At the centre of the ensuing hubbub is Cage’s Captain McVay, who many, very unreasonably, blame for the death of the 700 or so victims – so you see, it’s a very complex story, but one that very quickly descend into and exercise on how not to make a war film.
The occasional laughable CGI aside, Cage is oddly sedate, bordering on placid, in his role – yes, the central character is possibly the flattest element of the film, while seasoned actors, Tom Sizemore and Thomas Jane, are given little to chew on in their respective roles.
While starting exactly as one would expect a war film to, the wreckage part of the film turns into cheap disaster movie, before turning into a courtroom drama in the final act. It’s a muddle of a film that fails to really drum to the beat of McVay’s potentially brilliant arc as a firm commander that eventually buckles under the unjust pressure he receives back at home.
Bad CGI, a mammoth two hour-plus running time and Nic Cage can be forgiven, but what’s at the heart of this film’s mess is the script. Jumping from event to event, plotline to plotline, at a whim, with Cage’s soft murmured speech used to pave over the transitions, USS Indianapolis’s pacing is that of a film hurrying to stuff as many ideas and threads as possible – expect that’s not the case. Van Peebles tries so hard to build the layers of an epic, when, actually, all he needed to do was tell this simple but stirring story as it is.
As an exploration of Post Traumatic Stress Disorder in the military, Dito Montiel’s Man Down is a muddled story that’s pretty challenging to sit through. Though on paper there’s plenty of potential depth in this particular effect of war – and a solid cast at its disposable – the film descends into military-movie clichés, while not really keeping up with its complex set-up.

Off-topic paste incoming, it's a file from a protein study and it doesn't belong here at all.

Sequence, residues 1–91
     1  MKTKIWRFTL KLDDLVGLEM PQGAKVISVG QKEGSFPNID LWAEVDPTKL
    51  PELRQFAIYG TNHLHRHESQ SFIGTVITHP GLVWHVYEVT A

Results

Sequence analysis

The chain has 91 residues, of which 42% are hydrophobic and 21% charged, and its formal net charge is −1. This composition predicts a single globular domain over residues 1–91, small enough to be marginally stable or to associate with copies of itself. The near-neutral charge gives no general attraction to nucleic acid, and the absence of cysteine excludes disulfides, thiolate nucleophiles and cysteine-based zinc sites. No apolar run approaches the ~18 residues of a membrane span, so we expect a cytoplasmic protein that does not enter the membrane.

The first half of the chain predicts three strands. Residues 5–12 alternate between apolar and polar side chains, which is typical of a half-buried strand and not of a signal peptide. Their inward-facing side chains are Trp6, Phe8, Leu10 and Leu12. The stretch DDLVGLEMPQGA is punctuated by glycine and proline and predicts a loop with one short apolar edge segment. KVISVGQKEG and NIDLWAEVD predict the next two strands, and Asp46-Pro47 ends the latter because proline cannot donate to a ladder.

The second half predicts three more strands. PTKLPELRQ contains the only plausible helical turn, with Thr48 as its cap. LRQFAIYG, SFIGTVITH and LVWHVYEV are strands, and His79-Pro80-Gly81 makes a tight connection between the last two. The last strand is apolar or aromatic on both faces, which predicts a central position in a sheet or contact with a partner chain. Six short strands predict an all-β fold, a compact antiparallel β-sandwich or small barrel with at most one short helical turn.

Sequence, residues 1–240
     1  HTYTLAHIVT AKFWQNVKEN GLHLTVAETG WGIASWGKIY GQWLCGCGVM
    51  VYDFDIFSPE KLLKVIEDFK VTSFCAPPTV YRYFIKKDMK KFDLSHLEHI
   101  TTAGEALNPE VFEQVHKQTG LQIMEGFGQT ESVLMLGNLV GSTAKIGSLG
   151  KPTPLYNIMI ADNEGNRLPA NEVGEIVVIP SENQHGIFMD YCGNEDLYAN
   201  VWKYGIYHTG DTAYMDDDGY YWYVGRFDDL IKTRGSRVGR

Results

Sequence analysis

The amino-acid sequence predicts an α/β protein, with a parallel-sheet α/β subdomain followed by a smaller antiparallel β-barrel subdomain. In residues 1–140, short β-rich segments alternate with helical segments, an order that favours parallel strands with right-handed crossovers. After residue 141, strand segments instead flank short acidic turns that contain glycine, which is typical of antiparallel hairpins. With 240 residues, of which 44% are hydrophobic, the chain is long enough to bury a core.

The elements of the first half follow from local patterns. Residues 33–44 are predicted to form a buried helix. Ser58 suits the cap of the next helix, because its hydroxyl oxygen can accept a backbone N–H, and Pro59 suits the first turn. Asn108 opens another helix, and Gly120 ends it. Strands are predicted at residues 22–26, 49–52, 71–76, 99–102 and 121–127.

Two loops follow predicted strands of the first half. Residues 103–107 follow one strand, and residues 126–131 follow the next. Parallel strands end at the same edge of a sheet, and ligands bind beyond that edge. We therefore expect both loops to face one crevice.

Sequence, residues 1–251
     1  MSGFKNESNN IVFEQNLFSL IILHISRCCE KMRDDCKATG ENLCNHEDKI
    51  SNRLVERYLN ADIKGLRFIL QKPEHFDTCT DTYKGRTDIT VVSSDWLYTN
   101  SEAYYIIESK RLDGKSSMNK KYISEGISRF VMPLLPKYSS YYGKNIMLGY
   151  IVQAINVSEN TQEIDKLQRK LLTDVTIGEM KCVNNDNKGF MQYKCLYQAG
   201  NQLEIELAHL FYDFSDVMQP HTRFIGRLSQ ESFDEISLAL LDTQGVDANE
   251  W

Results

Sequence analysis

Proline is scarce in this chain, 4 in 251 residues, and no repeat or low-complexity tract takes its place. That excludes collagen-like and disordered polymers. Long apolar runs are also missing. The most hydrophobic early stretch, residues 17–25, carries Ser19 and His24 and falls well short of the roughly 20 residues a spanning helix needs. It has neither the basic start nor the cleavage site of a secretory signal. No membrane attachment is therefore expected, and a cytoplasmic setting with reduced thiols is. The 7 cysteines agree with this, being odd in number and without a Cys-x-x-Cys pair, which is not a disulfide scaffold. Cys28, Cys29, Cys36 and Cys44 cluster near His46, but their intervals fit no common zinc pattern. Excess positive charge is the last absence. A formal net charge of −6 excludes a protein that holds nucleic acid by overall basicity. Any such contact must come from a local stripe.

The movie to take place over four separate time periods and opens with U.S Marine Gabriel Drummer (LeBeouf) and his military buddy, Devin Roberts (Courtney), making their way through a vast and seemingly wasted American landscape which appears to have been destroyed by a chemical attack. On the look-out for survivors, the pair is hoping to find Drummer’s son, Jonathan (Shotwell), whom he believes has been kidnapped.
Before the audience gets a chance to find out what is really going in, the story flashes back to another time period where a seemingly distraught Drummer is being interviewed by Counselor Peyton (Oldman) about an ‘incident’ that occurred on the battlefield in Afghanistan. Moving on to yet to another period, we also get to see the story of Drummer and Roberts during their Marine Corps training at Camp Lejeune before, eventually, cutting to the story of Drummer’s life at home with wife, Natalie (Mara) and their son.
Taking on several narrative threads without really knowing where to take them, let alone how to put them back together, is one of Man Down’s major issues. Used to give some kind of visual interpretation of PTSD, the movie’s choppy editing is ineffective and comes across as a messy, superficial tool.
Clocking in at precisely ninety minutes, Man Down is a relatively short film but, thanks to the overworked script and slow pace, it takes forever for any of the stories to build into something bigger.
Working its way through a series of military clichés, the story works best when it is focused on digging into Drummer’s fractured mind, with the conversation between him and his counsellor – played by the seemingly wasted talent of one Gary Oldman – serving to be one of the movie’s best elements. LeBeouf is convincing as a troubled soldier desperately trying not to sink deeper into madness and his commitment to the role is commendable, making it all that more frustrating to see that the script itself is so lacking.